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Turkey to portray Diaspora Armenians as 'sectarians': scholar

Turkey to portray Diaspora Armenians as 'sectarians': scholar

PanARMENIAN.Net - Seven years have passed since Hrant Dink’s assassination and those who planned his murder remain free. While the search for justice continues with a second round of trials, there seems to be insufficient political will to uncover the truth, Taner Akcam, Professor of Armenian Genocide Studies at the Strassler Center for Holocaust and Genocide Studies at Clark University, writes.

"Hrant Dink was killed in revenge for the assassination of Talat Pasha, the architect of the Armenian Genocide. Everything about his murder suggested a “vengeance operation” for the 1921 conspiracy to assassinate Talat Pasha in Berlin. This, for example, accounts for the decision to murder Hrant Dink in public rather than to kidnap him, kill him, and throw his remains in some remote location—the way all the other “unknown perpetrator” crimes have been committed in Turkey. The conspirators deliberately chose to come up from behind and to shoot him in the head on the street, in front of Agos, the newspaper he edited. The operation mirrored precisely how Talat Pasha was killed. His attackers wanted revenge for the murder of Talat Pasha, and they did so by targeting Hrank Dink.In the Shadow of 1915: Reflections on Hrant’s Assassination,"Akcam writes in a piece titled "In the Shadow of 1915: Reflections on Hrant’s Assassination".

"Ninety years of state-sponsored denial have so blinded the public that we cannot conceive of the relationship between the 1915 genocide and the murder of Hrant Dink. But while the Turkish government has pushed us to forget the events of 1915, state officials have not forgotten. Turks grow uneasy at the mention of “genocide,” and calls for “genocide recognition” cause us to flee in terror before some unknown retribution. We resist using Hrant’s death as an opportunity to face up to history, to see the connection between that history and the killing of an Armenian newspaper editor. We are made to forget Hrant although he is the key—the key to the 40th chamber in the Arabian Nights fable, the one that others do not want opened, the key that is given to the heroes of those tales. We have a treasure chamber in our old houses where all of our secrets are kept. And Hrant is the key to that room. If the Hrant Dink murder case is ever solved, the secrets behind the establishment of the Turkish Republic will be revealed. But, sadly, in the present government, there is neither the courage nor the will to furnish the key, because the government is heir to these “state traditions,” and the “keepers of its secrets”," he writes.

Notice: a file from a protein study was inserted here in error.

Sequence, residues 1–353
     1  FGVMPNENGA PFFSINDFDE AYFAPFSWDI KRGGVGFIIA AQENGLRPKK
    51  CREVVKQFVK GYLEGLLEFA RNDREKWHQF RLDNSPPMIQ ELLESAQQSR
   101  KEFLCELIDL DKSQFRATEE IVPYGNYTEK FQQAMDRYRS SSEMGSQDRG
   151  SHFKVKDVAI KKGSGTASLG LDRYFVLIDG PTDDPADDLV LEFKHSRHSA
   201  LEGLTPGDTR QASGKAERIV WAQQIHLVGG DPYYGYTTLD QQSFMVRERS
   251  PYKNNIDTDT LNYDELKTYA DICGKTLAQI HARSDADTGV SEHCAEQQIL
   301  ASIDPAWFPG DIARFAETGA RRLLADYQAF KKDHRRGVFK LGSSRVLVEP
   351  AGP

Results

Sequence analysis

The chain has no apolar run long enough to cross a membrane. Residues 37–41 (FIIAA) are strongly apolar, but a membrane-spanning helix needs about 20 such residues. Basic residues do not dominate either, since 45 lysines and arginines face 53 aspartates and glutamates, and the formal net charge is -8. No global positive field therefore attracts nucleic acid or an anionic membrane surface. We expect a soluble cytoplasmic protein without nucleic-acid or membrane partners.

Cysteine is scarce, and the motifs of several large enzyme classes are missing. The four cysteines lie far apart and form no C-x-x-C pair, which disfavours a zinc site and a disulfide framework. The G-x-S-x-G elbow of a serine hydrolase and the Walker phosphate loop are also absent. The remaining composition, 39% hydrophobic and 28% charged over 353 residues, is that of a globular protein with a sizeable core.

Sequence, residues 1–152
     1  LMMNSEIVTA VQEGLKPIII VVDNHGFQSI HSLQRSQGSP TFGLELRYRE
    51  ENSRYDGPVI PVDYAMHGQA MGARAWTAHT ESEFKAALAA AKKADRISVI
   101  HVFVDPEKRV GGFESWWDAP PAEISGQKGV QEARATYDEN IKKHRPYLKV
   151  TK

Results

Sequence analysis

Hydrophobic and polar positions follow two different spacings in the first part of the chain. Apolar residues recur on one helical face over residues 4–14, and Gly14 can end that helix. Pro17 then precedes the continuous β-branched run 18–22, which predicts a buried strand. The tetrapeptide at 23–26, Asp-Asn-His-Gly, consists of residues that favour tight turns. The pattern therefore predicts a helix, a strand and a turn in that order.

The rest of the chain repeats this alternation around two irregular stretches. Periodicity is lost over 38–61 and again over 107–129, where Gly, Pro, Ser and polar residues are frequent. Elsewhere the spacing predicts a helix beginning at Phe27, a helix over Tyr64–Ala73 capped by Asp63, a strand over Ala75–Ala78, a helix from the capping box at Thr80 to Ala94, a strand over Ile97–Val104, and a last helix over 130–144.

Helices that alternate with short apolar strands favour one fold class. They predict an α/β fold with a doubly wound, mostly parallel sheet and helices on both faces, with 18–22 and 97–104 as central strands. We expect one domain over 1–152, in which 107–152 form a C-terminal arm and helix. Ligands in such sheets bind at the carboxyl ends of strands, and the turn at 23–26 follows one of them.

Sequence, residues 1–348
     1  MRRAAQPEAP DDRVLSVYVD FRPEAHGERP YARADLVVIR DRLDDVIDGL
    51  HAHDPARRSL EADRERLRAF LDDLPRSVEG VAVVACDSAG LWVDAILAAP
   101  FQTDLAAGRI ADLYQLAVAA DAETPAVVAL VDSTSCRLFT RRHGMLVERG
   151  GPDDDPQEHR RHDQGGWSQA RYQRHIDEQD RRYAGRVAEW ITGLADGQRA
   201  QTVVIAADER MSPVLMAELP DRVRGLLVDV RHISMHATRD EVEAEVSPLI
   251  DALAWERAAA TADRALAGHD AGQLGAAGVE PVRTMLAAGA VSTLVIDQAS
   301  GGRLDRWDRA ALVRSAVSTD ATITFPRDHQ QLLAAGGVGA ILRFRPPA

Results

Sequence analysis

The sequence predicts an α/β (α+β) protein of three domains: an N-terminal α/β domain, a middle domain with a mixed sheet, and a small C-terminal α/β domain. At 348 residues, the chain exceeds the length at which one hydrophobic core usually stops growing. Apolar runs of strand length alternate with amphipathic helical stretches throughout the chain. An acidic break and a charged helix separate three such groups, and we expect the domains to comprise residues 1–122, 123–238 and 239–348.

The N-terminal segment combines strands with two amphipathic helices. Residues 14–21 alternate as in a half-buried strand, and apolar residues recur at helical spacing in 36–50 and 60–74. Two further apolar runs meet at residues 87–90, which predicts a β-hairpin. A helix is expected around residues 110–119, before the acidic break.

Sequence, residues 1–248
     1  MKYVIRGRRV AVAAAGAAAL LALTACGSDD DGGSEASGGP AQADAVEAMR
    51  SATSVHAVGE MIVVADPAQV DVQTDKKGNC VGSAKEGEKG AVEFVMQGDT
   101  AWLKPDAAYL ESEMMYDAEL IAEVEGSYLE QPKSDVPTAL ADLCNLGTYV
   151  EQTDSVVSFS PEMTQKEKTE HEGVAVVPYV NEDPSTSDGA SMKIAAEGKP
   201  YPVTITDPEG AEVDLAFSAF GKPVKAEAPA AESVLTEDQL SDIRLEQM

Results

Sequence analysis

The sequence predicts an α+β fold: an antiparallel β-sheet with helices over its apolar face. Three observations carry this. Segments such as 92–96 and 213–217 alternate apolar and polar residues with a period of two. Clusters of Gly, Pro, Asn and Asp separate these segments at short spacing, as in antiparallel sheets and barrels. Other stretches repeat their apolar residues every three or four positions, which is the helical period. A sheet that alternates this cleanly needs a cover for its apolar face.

Ancam predicts that as 2015 approaches, Turkey will attempt to create an atmosphere of “reconciliation.”

"Appearing ready to resolve the Armenian issue, Turkey will portray Armenians in the diaspora as uncompromising “sectarians.” For this purpose, the Turkish state will undertake a search for so-called “Good Armenians”—and it will find them! It will use these puppets as a counter-weight to the “intransigent,” “belligerent,” and “uncompromising” Armenians in the diaspora. They will seek to pit their “Good” Armenians against the “Bad” Armenians of the diaspora. And they will use Hrant for this purpose, too. They will find the criticisms Hrant leveled at the Armenian Diaspora and use them without hesitation. Hrant’s own words will be exploited as a part of a new wave of hostility toward the Armenian Diaspora," he writes, warning: "Do not be duped by this cynical scenario."

"Hrant Dink was murdered because he wanted to deconstruct Turkey’s founding myths. Those who planned the murder—the real culprits—have received promotions and praise for doing so. The sensitivity the government expressed over the confiscation of Armenian property was never shown toward the lives of Armenians. On the contrary, they oversaw the annihilation of a people. And the situation today is not so different! 1.5 million-plus-1," Akcam writes.

The Armenian Genocide

The Armenian Genocide (1915-23) was the deliberate and systematic destruction of the Armenian population of the Ottoman Empire during and just after World War I. It was characterized by massacres and deportations, involving forced marches under conditions designed to lead to the death of the deportees, with the total number of deaths reaching 1.5 million.

The majority of Armenian Diaspora communities were formed by the Genocide survivors.

Present-day Turkey denies the fact of the Armenian Genocide, justifying the atrocities as “deportation to secure Armenians”. Only a few Turkish intellectuals, including Nobel Prize winner Orhan Pamuk and scholar Taner Akcam, speak openly about the necessity to recognize this crime against humanity.

The Armenian Genocide was recognized by Uruguay, Russia, France, Lithuania, Italy, 45 U.S. states, Greece, Cyprus, Lebanon, Argentina, Belgium, Austria, Wales, Switzerland, Canada, Poland, Venezuela, Chile, Bolivia, the Vatican, Luxembourg, Brazil, Germany, the Netherlands, Paraguay, Sweden, Venezuela, Slovakia, Syria, Vatican, as well as the European Parliament and the World Council of Churches.

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